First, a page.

Doesn’t that sound like a Lord of the Rings title? Like a prequel to the Hobbit? (Book and movie reference right off the top).
My Monadnock adventure doesn’t just happen overnight. It was thought about DAYS in advance. Weeks actually. You see, recently I’ve had a few friends and colleagues who’ve shared with me their strong and persuasive recommendations of hiking this majestic New England beauty, so I began to do some research and looked up various reviews and articles that described what hiking Mount Monadnock was like. I looked at the time it took to drive there, what time of day it was heavy populated, which trails to take up and down the mountain, parking, pictures of the trails, and how prepared I would need to be in terms of water, food, and gear. Those answers were planned, but the day I decided to make the drive was just this past Friday. I began looking at the weather for Jaffrey, New Hampshire, where Mount Monadnock is located, and despite showing showers on Saturday, said Sunday would be sunny with a high of 69. Various reviews did point out that if it rains, the gigantic rocks that line the trail become rather damp and slick, making it even more difficult to hike in and reach the top. (Which they were not making up as I will go more in detail later on). But I didn’t want to wait. When I saw the weather was sunny and comfortable, I knew that was a sign that it would be my day to go. So I did. Below is a breakdown of how that day went. Buckle up and enjoy! 😝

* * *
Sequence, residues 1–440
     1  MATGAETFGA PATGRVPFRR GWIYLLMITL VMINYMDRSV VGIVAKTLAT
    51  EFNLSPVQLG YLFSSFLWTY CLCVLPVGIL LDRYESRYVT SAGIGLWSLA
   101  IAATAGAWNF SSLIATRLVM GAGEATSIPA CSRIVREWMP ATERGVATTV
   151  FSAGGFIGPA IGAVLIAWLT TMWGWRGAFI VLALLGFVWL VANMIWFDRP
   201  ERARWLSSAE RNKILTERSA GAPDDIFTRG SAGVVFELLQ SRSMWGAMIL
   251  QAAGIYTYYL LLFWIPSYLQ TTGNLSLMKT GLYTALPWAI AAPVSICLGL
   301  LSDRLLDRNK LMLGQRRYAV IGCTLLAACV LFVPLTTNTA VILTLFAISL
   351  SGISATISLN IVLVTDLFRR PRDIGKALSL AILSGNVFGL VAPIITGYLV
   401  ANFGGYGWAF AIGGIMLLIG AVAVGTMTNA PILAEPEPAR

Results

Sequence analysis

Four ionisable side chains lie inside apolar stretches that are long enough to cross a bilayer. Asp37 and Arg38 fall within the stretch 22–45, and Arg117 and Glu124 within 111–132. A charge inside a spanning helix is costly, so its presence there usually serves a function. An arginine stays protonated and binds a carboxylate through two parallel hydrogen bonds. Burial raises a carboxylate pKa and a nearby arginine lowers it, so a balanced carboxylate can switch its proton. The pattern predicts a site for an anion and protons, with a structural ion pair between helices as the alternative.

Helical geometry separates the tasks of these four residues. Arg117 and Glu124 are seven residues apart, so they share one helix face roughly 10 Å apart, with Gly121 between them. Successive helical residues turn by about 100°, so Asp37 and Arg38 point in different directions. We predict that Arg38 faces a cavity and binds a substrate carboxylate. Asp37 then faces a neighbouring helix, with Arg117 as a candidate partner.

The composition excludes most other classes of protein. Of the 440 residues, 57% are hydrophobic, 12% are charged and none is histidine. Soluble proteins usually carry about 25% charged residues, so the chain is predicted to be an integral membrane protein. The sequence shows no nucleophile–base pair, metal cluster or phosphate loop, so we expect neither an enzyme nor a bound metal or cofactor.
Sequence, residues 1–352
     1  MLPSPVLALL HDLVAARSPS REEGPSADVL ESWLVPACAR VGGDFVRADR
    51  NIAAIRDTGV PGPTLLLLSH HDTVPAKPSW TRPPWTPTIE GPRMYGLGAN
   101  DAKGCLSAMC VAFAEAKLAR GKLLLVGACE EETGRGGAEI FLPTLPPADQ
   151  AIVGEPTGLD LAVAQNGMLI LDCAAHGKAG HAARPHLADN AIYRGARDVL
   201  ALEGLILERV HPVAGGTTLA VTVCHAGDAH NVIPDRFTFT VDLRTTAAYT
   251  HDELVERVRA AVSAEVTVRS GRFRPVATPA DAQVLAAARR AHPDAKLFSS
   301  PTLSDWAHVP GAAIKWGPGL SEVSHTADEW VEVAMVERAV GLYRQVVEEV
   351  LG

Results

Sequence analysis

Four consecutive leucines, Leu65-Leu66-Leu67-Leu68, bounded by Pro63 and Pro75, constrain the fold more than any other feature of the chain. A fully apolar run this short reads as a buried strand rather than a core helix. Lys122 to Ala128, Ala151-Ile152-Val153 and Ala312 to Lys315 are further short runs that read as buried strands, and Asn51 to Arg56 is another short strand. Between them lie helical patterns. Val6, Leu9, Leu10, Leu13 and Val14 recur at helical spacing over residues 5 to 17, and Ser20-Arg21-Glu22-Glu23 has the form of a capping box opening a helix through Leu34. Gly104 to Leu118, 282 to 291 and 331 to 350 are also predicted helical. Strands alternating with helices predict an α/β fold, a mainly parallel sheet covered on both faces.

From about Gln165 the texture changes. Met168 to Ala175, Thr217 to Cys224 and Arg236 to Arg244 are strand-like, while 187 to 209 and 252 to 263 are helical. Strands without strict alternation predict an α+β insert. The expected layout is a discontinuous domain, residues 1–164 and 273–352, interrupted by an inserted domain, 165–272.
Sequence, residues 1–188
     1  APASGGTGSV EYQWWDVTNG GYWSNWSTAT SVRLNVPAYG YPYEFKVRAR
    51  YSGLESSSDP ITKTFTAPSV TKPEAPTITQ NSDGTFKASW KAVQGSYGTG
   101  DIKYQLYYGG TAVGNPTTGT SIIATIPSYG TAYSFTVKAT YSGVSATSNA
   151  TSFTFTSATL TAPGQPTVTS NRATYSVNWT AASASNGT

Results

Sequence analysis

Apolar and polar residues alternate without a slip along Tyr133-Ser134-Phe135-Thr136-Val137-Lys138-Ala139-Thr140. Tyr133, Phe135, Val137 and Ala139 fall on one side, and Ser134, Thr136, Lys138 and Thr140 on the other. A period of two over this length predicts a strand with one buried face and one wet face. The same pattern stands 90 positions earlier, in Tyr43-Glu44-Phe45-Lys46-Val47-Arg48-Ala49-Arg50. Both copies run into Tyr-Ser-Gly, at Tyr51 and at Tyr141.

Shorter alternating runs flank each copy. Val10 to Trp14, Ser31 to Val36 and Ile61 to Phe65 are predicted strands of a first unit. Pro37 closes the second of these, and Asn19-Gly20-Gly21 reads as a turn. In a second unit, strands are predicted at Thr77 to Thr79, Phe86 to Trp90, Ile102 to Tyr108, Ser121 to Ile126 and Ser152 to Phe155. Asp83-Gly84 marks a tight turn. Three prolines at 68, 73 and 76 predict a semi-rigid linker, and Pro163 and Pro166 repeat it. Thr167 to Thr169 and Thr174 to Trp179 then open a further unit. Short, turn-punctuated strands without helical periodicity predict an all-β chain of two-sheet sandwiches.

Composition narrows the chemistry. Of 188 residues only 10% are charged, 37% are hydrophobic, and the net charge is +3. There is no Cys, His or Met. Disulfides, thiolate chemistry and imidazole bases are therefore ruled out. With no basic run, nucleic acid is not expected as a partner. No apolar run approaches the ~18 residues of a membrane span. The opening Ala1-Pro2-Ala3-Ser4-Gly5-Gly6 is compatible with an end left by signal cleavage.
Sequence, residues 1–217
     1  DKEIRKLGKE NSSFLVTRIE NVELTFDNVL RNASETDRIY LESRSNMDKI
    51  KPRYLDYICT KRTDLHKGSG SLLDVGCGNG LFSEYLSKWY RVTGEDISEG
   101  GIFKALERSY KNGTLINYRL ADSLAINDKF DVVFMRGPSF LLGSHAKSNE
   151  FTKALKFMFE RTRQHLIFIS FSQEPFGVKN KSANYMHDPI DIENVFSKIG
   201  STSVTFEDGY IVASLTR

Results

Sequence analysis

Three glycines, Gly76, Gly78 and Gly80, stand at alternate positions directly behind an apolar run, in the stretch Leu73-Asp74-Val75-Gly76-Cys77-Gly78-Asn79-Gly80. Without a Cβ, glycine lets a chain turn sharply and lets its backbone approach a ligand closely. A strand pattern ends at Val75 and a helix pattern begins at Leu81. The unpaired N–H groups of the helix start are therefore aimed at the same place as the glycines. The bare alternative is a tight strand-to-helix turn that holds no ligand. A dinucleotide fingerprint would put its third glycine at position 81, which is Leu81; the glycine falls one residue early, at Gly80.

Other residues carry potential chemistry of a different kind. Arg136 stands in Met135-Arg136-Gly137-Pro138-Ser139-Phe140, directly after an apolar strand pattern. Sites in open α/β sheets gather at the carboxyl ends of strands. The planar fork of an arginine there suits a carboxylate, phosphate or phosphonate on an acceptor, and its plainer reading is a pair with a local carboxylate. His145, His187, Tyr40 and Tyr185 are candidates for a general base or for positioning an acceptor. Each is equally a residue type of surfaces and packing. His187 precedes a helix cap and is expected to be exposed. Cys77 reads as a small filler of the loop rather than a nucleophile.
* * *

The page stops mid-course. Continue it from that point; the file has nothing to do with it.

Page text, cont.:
The 4:30am wake up